Most people who own dogs and are close with their animals view the pets more like family members than pieces of property. These are reciprocal, loving, highly connected and involved relationships between dogs and the people who care for them. Mourning the loss of your dog alongside the loss of a long-term relationship in the form of a marriage is an emotional double whammy.
Therefore, it perhaps shouldn’t come as a surprise that some states are now recognizing family pets as more akin to people than property when involved in divorce proceedings. Still, these are groundbreaking developments and it’s worth taking a closer look.
In 2017, Alaska became the first state in the country to pass a formal law on the matter of pets in divorce cases. Their statutes indicated that the court is required to take the animal’s wellbeing into consideration during a divorce case. This is as opposed to merely treating a pet like a financial asset or piece of property to be divvied up. The court would then be able to rule for what essentially amounts to sole custody of the animal to one party or another, or continued joint custody.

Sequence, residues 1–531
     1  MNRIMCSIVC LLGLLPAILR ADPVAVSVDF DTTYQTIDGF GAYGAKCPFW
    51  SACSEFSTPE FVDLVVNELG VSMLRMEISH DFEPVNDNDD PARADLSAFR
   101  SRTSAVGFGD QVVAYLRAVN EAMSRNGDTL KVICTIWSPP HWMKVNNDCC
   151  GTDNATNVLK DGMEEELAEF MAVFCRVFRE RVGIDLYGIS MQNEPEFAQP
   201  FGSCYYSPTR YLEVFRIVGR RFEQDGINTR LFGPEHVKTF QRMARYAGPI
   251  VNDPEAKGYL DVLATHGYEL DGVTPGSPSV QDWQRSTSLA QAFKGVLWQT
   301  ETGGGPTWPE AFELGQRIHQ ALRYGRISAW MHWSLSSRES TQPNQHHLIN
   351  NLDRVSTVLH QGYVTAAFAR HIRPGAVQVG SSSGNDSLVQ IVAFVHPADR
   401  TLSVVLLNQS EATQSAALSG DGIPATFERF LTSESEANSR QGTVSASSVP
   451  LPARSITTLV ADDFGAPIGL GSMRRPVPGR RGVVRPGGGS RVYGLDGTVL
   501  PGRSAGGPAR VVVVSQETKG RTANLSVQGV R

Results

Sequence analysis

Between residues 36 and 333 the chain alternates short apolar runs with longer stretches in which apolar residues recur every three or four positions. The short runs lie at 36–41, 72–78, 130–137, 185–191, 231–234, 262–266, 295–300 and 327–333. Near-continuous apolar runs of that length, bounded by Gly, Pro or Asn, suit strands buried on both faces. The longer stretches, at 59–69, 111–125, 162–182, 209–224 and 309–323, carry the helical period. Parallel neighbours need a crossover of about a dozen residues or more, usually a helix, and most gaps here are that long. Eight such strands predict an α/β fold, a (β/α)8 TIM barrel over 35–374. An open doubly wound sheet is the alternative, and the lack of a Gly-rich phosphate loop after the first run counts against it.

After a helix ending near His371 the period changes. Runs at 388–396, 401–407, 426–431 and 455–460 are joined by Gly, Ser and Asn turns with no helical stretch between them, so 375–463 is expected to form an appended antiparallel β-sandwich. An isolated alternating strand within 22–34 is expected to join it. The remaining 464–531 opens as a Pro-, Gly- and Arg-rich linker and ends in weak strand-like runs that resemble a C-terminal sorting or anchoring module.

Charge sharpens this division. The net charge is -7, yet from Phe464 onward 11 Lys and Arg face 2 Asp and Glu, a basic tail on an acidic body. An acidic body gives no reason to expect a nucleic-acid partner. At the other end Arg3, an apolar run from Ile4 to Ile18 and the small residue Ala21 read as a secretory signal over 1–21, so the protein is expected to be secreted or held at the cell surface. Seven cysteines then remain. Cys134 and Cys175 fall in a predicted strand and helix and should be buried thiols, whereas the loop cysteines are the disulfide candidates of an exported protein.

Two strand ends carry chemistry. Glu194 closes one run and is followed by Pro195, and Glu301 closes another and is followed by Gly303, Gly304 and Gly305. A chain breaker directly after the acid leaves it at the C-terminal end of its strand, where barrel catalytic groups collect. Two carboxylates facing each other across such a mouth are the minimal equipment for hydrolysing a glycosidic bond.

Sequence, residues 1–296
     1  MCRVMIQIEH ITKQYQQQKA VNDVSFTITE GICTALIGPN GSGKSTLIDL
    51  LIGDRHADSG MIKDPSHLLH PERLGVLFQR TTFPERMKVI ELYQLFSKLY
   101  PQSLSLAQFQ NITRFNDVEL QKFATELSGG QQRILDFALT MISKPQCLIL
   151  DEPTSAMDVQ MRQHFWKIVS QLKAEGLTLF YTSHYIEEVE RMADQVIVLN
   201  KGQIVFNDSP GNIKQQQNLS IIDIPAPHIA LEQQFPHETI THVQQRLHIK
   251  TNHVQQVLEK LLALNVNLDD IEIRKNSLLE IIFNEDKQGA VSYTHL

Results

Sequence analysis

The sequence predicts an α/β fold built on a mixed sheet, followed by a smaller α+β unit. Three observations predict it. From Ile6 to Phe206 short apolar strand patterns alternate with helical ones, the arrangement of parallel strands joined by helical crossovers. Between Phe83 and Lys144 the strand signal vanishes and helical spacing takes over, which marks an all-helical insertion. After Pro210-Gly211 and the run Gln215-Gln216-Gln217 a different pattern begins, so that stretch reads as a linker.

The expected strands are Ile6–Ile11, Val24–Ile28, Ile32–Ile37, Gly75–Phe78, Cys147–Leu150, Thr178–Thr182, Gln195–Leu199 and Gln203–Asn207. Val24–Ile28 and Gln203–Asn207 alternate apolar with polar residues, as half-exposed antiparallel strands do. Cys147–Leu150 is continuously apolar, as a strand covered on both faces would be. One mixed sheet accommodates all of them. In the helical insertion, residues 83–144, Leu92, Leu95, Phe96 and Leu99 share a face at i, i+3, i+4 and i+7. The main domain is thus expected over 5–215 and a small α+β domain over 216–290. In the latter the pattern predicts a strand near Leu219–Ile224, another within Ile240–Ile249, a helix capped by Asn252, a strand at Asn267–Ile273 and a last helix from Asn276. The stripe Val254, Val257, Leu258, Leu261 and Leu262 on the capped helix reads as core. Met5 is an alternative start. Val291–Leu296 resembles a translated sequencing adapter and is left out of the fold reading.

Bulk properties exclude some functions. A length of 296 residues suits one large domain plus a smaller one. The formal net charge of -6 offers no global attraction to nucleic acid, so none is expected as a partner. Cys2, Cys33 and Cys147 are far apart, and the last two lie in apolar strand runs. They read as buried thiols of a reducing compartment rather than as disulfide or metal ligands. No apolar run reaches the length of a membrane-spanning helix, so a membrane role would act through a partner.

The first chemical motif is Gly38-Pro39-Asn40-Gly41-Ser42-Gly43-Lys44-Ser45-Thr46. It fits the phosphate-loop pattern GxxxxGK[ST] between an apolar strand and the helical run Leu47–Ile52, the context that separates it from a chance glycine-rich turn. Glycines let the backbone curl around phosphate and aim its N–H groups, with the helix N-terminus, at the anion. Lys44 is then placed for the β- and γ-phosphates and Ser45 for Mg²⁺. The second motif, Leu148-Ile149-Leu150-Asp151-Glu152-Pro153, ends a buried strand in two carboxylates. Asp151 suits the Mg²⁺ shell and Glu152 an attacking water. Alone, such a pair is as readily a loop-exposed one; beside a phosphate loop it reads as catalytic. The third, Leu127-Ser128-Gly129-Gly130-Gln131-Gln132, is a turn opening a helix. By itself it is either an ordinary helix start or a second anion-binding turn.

The state of Illinois was the next to join the bandwagon the following year. In 2019, another state joined the movement, California. In California, there was a difference in how the legislation is worded though. In that state the court is able to consider the wellbeing of the animal but is not formally required to do so.
Also keep in mind that the laws regarding dogs in divorce cases apply to all family pets, not just your canine friends. They are far and away the most likely to be the source of a dispute between a divorcing couple, but whether it’s a cat, bird, lizard, or anything else, all pets can be viewed the same.
Having a state’s divorce court handle the matter of who retains ownership rights to your dog may seem like a laughing matter, or like overkill, from the outside in, but from one dog owner to another, it’s clearly an important step in the right direction. With several states now legally making the switch, don’t be surprised to see other states begin to adopt similar policies as well.
In the meantime though, keep in mind these are only three states out of fifty where dogs in divorce are treated with their rights being considered. If you live in any of the other 47 states, then you live in a locale that does not legally or officially support such considerations.
Therefore you always have to keep in mind any local legislation which may apply, and you need to be sure to work with a legal professional who has experience in your specific area or region. The matter of dogs and divorce cases certainly isn’t going to go away anytime soon, so keep your eyes open for further updates.